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Ivey extends mask mandate, relaxes other COVID restrictions

The mask mandate is to remain in effect until April 9, when the governor plans to allow it to expire.

Gov. Kay Ivey gave an update on the Coronavirus during a press conference Thursday March 4, 2021 in Montgomery, Ala. (HAL YEAGER/GOVERNORS OFFICE)

Alabama Governor Kay Ivey on Thursday extended her statewide mask mandate until April 9, when she said she’d allow the mask order to expire, but she relaxed some other measures meant to protect the public and workers from COVID-19, citing drops in new cases and hospitalizations statewide. 

“Even with this positive news, however, Dr. Harris and I are both convinced that we need to get past Easter, and hopefully allow more Alabamians to get that first shot before we take a step some other states have taken to remove the mask order altogether and lift other restrictions,” Ivey said. “Folks, we’re not there yet, but goodness knows we’re getting closer.”

Ivey said she’ll allow the mask mandate to expire April 9, and from that point forward it will be a matter of “personal responsibility.” Ivey said she’ll continue to wear a mask even after her order expires. 

“There’s no question that wearing a mask has been one of our greatest tools and combating the spread of the virus. That along with practicing good hygiene and social distancing has helped us keep more people from getting sick, or worse, dying,” Ivey said. 

Ivey’s amended “safer-at-home” order removes the bar and restaurant seating limit of eight at tables. It also allows senior centers to conduct outdoor programs once again, with guidelines for doing so to be written by the Department of Senior Services.

Ivey’s new order will also raise the number of maximum allowable caregivers or visitors in hospitals and nursing homes from one to two, “subject to reasonable restrictions imposed because of the local COVID-19 situation and other factors.” All other restrictions in Ivey’s previous “safer-at-home” order remain in place.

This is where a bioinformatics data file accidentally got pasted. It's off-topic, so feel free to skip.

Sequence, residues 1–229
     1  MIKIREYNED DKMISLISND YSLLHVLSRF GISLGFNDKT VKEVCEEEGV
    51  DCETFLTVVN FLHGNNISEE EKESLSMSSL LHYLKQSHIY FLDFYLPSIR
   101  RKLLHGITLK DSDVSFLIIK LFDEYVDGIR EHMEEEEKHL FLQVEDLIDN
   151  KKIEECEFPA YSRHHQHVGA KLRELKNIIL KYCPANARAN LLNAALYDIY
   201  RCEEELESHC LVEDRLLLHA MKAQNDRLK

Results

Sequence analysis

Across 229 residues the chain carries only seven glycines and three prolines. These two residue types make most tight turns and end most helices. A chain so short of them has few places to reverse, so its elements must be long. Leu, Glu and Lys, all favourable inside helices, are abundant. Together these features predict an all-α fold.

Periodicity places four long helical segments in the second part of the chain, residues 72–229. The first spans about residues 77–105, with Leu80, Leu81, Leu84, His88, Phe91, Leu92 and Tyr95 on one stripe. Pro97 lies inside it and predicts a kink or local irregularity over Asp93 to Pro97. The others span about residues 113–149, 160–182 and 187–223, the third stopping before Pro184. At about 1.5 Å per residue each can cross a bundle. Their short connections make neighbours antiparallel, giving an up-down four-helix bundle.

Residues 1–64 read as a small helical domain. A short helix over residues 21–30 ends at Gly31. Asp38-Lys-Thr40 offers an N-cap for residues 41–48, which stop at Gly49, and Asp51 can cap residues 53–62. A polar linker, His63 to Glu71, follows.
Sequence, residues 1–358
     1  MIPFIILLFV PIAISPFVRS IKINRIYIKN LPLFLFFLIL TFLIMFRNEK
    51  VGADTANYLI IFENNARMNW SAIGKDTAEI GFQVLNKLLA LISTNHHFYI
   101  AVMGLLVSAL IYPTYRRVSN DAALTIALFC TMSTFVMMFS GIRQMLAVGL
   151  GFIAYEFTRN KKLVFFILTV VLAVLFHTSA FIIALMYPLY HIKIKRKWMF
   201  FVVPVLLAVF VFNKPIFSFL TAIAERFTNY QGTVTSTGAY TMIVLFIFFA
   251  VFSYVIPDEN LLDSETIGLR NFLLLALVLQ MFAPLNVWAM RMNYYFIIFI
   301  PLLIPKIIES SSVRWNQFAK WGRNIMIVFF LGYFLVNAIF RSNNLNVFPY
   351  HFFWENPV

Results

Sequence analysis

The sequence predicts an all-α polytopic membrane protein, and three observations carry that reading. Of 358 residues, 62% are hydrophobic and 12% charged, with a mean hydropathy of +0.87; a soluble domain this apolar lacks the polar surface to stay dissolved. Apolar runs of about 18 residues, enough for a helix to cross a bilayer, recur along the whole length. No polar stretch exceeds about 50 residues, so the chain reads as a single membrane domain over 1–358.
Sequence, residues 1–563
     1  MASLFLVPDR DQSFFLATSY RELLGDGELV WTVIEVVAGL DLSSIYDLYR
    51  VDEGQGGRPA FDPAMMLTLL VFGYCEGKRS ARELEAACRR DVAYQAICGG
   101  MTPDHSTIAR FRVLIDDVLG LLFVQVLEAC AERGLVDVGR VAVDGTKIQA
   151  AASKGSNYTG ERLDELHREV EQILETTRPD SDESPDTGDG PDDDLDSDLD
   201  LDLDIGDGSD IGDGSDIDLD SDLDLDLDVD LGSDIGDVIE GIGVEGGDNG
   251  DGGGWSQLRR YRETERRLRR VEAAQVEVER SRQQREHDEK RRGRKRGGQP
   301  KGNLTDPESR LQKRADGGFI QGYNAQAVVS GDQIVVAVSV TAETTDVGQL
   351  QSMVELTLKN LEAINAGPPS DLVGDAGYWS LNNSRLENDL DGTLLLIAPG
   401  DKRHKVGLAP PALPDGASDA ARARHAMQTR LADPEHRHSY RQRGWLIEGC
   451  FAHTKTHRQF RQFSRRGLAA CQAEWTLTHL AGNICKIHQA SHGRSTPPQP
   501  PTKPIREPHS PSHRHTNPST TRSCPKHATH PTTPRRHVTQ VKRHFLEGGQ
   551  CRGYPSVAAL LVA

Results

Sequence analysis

Gov. Kay Ivey gave an update on the Coronavirus during a press conference Thursday March 4, 2021 in Montgomery, Ala. (HAL YEAGER/GOVERNORS OFFICE)

Ivey’s decision comes after governors in Texas and Mississippi lifted mask mandates against the recommendation of public health officials in those states and the federal government. 

State Health Officer Dr. Scott Harris said during the briefing that there is reason for some optimism, but stressed the impact COVID-19 has had on lives. Alabama’s death toll from COVID-19 crossed 10,000 on Wednesday

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“It really has been a difficult year, I know for everyone,” Harris said. 

Ivey and Harris noted that Alabama has administered more than 1 million doses of COVID-19 vaccines as of Wednesday. 

“This coming week we will actually have more than 100,000 doses for the first time. That’s Moderna and Pfizer, That’ll be a new high for us coming into the state,” Harris said, adding that another 40,000 doses of the Johnson & Johnson one-shot vaccine are to ship this week, and be sent to providers within the next couple of days. 

Alabama Lt. Gov. Will Ainsworth on Wednesday called for Gov. Kay Ivey to rescind her statewide mask order, citing drops in cases in Alabama and nationwide, adding that rescinding the mask order and lifting capacity restrictions and other limitations “will also send the loud, clear, and unmistakable message that Alabama is once again fully open for business.”

UAB’s Dr. Sarah Nafziger on Wednesday told reporters Ivey should extend the mask mandate, and warned of the circulating COVID-19 variants and the state’s still-vulnerable populations. 

“We are not out of the woods yet. We’re not there yet,” Nafziger said. 

Harris said thus far, only the U.K. variant has been found in Alabama, and that the vaccines are effective for that variant, but that he’s certain there are many cases of variants that the state  isn’t detecting. 

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“Because we do testing for it, but we don’t do widespread, large-scale testing at this point,” Harris said. 

Eddie Burkhalter
Written By

Eddie Burkhalter is a reporter at the Alabama Political Reporter. You can email him at [email protected] or reach him via Twitter.

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